Blanche, Nova Scotia
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The historical research of Joseph R. Ross  did not reveal any French colonial settlement in Blanche or more broadly the Blanche peninsula. Documents from New France refer to this peninsula as Blanc - as the white rocks of its coast were a navigational landmark. When this area became English territory, the English name Blanch was applied, with the name "Blanche" being of more recent usage.
Among the first English settlers were the families of: Samuel Bootman, John & Elizabeth Coffin, Nathan & Susan Nickerson (at Chaps Old Place), James & Elizabeth Obed, Peter Conk (at Lyles Old Place).
The Blanche School operated until 1950, at which point it had only two students (Mervin Perry, Elizabeth Swaine) and one teacher Mary Attwood Swaine. The students were transferred to the Cape Negro school and the building was closed until 1963 when it was re-purposed as the Blanche community hall with a kitchen addition.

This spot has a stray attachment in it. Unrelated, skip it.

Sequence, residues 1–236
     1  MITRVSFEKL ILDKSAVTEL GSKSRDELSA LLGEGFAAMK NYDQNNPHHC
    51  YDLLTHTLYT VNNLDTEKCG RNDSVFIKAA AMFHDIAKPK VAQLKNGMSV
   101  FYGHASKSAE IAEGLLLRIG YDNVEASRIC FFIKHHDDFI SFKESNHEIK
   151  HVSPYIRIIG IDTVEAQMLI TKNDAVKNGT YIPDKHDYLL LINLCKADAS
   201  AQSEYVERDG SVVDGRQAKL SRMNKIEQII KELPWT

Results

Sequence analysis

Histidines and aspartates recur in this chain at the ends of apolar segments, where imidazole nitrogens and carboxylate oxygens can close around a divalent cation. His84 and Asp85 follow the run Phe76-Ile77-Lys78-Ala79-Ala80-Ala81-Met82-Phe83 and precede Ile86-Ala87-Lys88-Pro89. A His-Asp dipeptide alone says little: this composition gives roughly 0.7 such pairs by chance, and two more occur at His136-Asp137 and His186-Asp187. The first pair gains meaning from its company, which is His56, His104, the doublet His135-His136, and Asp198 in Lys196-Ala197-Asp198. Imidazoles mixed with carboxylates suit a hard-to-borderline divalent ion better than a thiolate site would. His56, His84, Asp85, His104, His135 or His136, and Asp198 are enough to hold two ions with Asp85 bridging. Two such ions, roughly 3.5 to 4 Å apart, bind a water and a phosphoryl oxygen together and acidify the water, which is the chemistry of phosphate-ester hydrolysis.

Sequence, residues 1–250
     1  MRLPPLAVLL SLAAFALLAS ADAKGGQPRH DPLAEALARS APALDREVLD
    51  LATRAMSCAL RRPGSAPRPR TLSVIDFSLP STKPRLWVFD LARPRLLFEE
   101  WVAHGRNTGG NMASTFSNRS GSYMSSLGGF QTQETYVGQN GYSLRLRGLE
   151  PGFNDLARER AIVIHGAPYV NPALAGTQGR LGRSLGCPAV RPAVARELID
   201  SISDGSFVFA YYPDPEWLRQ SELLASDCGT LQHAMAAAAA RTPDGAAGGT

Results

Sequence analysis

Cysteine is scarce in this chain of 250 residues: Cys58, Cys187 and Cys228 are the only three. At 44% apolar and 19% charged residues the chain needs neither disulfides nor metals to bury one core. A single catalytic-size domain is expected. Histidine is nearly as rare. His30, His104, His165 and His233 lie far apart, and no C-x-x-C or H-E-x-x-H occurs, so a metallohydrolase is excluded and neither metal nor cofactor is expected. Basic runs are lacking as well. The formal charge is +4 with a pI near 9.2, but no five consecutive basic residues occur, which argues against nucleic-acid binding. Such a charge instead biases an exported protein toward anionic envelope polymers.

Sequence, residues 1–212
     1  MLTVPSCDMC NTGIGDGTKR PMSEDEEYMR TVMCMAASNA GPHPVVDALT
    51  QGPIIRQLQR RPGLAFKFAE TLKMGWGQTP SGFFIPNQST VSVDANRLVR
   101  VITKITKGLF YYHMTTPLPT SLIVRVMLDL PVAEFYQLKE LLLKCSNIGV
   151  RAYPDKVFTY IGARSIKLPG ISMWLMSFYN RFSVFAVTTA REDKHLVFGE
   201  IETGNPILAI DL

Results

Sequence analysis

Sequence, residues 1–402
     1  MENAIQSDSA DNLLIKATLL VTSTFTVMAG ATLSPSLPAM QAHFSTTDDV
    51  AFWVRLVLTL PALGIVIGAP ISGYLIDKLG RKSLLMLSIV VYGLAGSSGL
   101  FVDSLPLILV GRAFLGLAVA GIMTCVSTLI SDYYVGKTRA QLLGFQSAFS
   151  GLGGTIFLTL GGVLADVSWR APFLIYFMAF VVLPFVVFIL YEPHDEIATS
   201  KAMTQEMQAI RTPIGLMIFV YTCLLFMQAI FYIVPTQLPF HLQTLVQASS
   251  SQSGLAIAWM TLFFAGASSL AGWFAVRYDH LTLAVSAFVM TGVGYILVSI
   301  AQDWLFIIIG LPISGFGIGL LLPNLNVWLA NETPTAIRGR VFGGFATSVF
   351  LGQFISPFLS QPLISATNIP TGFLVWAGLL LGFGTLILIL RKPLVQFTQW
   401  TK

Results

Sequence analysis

After the canal was built at the traditional Hawl Over (or Haul Over) portage site, the New England settlers used the Blanche peninsula (now completely separated from the mainland by water) as a location for free-ranging sheep. From the 1800s until the early 1950s communal sheep herding and shearing of these free-ranging sheep was performed once a year. In 1951.
- Nova Scotia Geographical Names: Blanche[permanent dead link]
- 2006 Statistics Canada Community Profile: Barrington Municipal District, Nova Scotia
- Government of Nova Scotia website: Community Counts
- Joseph R. Ross, History of Cape Negro and Blanche, 1987, Passage Print & Litho, Barrington Passage, NS
- Joseph R. Ross, History of Cape Negro and Blanche, 1987, Passage Print & Litho, Barrington Passage, NS, p.11-13
- Joseph R. Ross, History of Cape Negro and Blanche, 1987, Passage Print & Litho, Barrington Passage, NS, p.73-80
- Joseph R. Ross, History of Cape Negro and Blanche, 1987, Passage Print & Litho, Barrington Passage, NS, p.135-140
|Port La Tour||Negro Harbour|
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